The policy approach which addressed the youth as only transitional job seekers was heavily criticized. This critique led to the construction of a novel policy category, the Youth outside society, as opposed to NEET (Not in Employment, Education, or Training), and it includes youth who are marginalized due to structural problems of the labor market. The temporality of youth was thereby transformed from being a transitionary period of preparing for future employment into the semi-permanent period of job-seeking—which even extends beyond finding a job—during which problems are generated.

As the temporality of youth changed, the purpose of youth policy was readjusted to focus on the task of preserving the multiple human capacity referred to as “active energy” (Hwal-ryeok [活力]), instead of accumulating skills for the enhancement of employability. To fulfill this goal, autonomous “activities” planned by individuals instead of economically necessitated job-seeking and precarious labor situations were suggested as an alternative policy direction.

Third, the YA was proposed as a support fund for the aforementioned activities. Policymakers employed the logic of providing unconditional “gifts” and conditional “investments” in order to construct the meaning of this money as a “right.” This money was regarded not only as unconditional gift that guarantees maximum autonomy for the individual recipients but also as a conditional investment that demands the individual change in the future as a “return” on the investment. However, the significance of this ambiguous investment has yet to be materialized: both the payback period of the investment, which is approximately equivalent to the ill-defined time of youth, and the conditions of the investment. The “activity,” for which the product is to be assessed by the investee, was not clearly defined in the established policy language.

 

Employment Success Package (Conventional Government Policy)

Seoul Youth Allowance

Temporality of Youth

Future

Semi-permanent present

Construction of Youth as Policy Category

NEET

Youth Outside Society

Policy Goal

Enhancement of

human capital

Preservation of human capabilities

(“Hwal-Ryeok”)

What the Policy Supports

Job-seeking

Activity

The YA was transformed through intense political controversy immediately after it went public outside the Seoul Metropolitan Government (SMG) in November 2015. The administration and the ruling party, who claimed they had the legal authority to block the policy, could not understand the novel policy category of “activity,” which underpinned the core of the policy, and therefore labeled the policy an unconditional cash transfer. Consequently, the YA was criticized as an immoral charity to undeserving youth who were deemed to be part of the working age population.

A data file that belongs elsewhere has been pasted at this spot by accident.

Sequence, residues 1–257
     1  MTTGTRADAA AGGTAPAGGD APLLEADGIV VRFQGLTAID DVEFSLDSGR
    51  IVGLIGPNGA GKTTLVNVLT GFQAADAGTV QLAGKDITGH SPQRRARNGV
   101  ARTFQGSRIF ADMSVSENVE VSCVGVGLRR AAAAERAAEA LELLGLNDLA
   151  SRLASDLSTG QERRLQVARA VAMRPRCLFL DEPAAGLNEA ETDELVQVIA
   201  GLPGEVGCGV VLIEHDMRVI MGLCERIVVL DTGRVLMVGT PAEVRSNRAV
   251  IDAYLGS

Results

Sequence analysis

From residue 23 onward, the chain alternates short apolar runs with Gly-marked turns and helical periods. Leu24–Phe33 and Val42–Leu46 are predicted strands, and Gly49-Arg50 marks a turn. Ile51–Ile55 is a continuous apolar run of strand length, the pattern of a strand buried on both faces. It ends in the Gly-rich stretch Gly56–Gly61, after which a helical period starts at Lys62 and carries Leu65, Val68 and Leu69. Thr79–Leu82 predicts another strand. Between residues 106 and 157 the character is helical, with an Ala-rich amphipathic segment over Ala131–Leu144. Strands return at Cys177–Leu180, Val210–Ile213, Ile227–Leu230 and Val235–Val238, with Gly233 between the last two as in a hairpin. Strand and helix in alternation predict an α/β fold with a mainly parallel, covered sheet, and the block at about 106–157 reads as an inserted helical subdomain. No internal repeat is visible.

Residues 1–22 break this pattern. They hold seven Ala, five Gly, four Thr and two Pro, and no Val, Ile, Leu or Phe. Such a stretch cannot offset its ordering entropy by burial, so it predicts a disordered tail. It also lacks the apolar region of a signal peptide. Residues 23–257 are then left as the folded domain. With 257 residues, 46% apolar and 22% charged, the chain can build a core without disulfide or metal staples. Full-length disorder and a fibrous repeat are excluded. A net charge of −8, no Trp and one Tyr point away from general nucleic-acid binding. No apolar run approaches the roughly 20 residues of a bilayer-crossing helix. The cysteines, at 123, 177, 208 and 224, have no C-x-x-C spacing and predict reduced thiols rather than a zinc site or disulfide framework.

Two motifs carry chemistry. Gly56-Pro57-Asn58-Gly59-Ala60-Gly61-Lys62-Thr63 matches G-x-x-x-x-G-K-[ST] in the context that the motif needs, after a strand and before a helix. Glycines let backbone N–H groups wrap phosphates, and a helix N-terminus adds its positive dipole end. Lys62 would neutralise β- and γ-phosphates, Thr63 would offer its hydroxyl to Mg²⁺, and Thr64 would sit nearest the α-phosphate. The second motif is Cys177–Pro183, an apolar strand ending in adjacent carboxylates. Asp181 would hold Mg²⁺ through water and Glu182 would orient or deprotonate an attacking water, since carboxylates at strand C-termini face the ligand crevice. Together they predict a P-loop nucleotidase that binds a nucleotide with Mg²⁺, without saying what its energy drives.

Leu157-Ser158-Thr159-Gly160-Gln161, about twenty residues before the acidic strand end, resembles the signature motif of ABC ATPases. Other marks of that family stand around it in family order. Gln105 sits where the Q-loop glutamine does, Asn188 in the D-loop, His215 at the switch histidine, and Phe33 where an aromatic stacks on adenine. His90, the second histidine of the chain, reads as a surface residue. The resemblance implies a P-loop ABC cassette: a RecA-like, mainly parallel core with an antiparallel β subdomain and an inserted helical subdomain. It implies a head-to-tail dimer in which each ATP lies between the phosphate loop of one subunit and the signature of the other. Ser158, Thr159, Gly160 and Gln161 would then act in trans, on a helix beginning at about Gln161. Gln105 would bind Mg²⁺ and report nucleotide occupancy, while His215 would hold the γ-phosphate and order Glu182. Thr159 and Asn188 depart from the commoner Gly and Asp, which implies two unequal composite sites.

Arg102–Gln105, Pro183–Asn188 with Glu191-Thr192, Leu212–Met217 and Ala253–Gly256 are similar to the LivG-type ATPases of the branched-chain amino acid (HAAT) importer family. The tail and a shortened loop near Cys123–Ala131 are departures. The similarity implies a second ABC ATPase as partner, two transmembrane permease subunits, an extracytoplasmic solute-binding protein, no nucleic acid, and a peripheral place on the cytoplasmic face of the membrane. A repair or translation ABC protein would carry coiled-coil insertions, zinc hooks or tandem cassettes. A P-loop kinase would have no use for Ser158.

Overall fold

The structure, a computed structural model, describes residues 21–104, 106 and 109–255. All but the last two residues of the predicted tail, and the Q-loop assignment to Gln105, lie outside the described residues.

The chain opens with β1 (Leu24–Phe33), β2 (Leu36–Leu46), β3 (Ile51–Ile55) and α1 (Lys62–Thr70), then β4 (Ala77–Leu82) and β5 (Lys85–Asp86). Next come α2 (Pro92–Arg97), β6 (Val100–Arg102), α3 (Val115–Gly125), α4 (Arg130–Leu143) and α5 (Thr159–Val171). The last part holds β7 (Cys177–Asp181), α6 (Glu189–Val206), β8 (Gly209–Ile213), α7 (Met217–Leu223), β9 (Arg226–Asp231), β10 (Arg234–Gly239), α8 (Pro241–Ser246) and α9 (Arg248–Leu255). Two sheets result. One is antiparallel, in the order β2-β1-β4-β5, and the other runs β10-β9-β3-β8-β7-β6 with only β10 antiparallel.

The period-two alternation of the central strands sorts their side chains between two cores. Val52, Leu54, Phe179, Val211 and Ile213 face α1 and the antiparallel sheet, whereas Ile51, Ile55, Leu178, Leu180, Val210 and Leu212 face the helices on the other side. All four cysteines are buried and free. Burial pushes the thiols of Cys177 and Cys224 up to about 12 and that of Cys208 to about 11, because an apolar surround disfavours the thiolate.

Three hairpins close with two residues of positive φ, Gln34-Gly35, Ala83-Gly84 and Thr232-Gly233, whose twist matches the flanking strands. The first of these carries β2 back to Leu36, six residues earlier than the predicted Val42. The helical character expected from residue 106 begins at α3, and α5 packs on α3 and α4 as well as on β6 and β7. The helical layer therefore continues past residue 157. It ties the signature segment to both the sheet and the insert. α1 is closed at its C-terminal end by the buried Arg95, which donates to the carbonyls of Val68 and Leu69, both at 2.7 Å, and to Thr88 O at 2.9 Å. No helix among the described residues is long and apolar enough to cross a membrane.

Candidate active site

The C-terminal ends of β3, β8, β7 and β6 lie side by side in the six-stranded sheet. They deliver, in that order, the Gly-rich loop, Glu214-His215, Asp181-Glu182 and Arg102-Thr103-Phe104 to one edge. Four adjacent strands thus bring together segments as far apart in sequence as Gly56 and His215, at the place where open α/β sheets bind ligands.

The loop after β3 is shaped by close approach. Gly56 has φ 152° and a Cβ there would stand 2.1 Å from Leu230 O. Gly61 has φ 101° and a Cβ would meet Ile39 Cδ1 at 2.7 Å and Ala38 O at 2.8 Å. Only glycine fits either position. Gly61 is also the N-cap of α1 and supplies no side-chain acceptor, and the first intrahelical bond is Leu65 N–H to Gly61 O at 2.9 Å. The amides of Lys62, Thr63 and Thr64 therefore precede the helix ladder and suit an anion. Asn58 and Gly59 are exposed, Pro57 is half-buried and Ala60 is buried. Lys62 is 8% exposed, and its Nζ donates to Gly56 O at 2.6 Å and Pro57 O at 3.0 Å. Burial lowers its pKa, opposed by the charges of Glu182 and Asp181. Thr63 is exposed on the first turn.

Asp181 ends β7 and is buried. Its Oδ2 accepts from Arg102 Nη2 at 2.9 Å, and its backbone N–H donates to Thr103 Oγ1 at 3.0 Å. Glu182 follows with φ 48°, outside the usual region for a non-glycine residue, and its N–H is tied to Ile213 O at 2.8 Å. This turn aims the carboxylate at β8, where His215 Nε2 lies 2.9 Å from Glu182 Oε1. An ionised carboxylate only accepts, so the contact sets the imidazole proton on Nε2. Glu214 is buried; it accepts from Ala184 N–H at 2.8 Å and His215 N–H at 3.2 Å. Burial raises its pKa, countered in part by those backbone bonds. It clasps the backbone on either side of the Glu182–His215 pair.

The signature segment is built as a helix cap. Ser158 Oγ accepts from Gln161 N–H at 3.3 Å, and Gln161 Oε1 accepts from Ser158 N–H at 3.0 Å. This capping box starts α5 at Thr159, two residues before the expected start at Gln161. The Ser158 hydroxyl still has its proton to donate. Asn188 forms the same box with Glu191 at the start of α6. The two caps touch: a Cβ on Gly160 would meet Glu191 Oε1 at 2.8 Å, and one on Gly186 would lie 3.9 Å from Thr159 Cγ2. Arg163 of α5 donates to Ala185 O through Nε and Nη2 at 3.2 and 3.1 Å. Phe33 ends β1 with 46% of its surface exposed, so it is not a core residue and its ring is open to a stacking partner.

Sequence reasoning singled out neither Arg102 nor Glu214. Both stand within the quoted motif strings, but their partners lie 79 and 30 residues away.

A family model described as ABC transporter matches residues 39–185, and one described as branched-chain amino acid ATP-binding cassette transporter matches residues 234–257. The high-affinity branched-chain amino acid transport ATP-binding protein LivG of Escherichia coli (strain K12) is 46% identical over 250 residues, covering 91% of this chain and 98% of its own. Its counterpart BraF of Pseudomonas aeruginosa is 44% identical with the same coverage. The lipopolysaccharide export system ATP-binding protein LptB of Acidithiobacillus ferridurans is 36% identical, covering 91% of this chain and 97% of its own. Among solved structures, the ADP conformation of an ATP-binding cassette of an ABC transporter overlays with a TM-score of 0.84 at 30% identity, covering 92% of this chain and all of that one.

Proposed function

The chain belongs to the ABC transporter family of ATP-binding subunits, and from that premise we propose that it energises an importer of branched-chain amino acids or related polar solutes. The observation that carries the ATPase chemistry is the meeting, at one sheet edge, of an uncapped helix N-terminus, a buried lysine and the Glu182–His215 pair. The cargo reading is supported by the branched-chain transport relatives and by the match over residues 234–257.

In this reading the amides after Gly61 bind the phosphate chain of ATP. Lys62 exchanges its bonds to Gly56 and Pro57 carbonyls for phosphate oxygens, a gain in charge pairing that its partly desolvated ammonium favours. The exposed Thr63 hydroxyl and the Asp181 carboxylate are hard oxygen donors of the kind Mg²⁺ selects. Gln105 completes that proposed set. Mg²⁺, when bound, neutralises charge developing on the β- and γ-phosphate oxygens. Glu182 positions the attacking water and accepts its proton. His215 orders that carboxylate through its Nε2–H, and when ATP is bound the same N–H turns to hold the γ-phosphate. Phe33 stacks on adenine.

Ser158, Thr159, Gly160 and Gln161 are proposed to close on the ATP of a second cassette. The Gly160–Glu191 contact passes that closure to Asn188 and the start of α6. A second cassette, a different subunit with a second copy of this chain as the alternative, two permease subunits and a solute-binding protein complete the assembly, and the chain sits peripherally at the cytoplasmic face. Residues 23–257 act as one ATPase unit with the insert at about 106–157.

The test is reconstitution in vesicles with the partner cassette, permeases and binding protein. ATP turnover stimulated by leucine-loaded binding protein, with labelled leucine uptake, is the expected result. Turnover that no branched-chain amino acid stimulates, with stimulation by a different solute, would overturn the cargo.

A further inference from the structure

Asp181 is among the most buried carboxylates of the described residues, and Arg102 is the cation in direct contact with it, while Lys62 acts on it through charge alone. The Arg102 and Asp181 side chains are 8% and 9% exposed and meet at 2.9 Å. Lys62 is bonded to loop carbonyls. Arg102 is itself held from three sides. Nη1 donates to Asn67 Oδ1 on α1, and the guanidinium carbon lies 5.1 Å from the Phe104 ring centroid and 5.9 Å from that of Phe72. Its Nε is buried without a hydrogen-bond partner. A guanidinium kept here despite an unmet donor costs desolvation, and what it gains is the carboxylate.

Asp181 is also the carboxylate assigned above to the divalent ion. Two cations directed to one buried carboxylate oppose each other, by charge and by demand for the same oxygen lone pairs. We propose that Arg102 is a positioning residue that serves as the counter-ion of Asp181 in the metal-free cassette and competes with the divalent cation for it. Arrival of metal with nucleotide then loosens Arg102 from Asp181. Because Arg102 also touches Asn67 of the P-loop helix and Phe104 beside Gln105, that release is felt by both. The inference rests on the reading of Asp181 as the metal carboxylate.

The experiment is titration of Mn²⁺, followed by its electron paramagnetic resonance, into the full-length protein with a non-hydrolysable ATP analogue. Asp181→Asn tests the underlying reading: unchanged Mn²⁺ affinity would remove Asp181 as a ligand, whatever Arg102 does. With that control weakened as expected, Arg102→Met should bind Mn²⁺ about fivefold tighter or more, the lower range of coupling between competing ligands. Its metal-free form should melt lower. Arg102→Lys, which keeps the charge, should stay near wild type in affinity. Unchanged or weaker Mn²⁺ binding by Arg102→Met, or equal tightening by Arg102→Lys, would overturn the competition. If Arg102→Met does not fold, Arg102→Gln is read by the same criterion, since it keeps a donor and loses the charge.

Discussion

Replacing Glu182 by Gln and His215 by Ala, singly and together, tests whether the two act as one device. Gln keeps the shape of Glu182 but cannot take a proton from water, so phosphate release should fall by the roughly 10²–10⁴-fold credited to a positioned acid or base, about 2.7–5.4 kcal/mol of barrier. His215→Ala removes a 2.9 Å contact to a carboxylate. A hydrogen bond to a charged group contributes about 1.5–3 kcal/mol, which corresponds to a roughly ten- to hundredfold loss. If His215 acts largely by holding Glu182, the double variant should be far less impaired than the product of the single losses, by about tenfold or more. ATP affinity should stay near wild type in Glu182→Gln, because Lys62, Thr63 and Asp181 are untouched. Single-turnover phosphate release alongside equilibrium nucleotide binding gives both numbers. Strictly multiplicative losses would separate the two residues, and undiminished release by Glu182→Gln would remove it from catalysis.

In response, since January 2016, the SMG opened consultations on the policy with the dissenters and revised the definition of the “activity,” to be job-seeking activities in a broad sense. Accordingly, the meaning of the YA was changed into an effective investment in the youth as human resources, who are being envisioned as the future work force. Despite the SMG’s attempt to coordinate with the administration based on the norms of the youth and giving, the consultation eventually broke down, at the end of June 2016, due to irreconcilable discrepancies between the SMG and the government regarding the scope of supported “activities.”

As a result, starting July 2016, instead of the controversial policy category of “activity,” the fact that this program grants cash to the youth was raised as the key issue of the debate. Nevertheless, the meaning of the cash here was not the right to the unconditional distribution which had been hitherto a taboo according to traditional norms. In this context, the youth was represented as prospective job-seekers who are equipped with the ability to lead the future, credibility, and deservingness to be invested in. As a result, the meaning of the YA was adjusted to being a support fund for job-seeking on the institutional level, and the rights implicated in the money granted became the “right to be invested in” for the future.

 

Employment Success Package (Conventional Government Policy)

Seoul Youth Allowance

Temporality of Youth

Future

Semi-permanent present

Construction of Youth as Policy Category

NEET

Youth Outside Society

Policy Goal

Enhancement of

human capital

Preservation of human capabilities

(“Hwal-Ryeok”)

What the Policy Supports

Job-seeking

Activity

In conclusion, the social politics over the YA established certain precedents which have enabled the direct transfer of money to the youth who had been previously understood as no more than the subject of production. This study understands this new norm as “the right to be invested in.” The norm reflects both the possibilities and limitations of the logic that the working age population can be granted cash. This norm may displace the crisis of unemployment that has been experienced by the youth with an emphasis on individual efforts of prospective investees. On the other hand, this norm constitutes a political ground based on which the social right could be reconstructed, when the period of “youth,” that corresponds to the time of being invested in, is gradually prolonged along with the ongoing recession.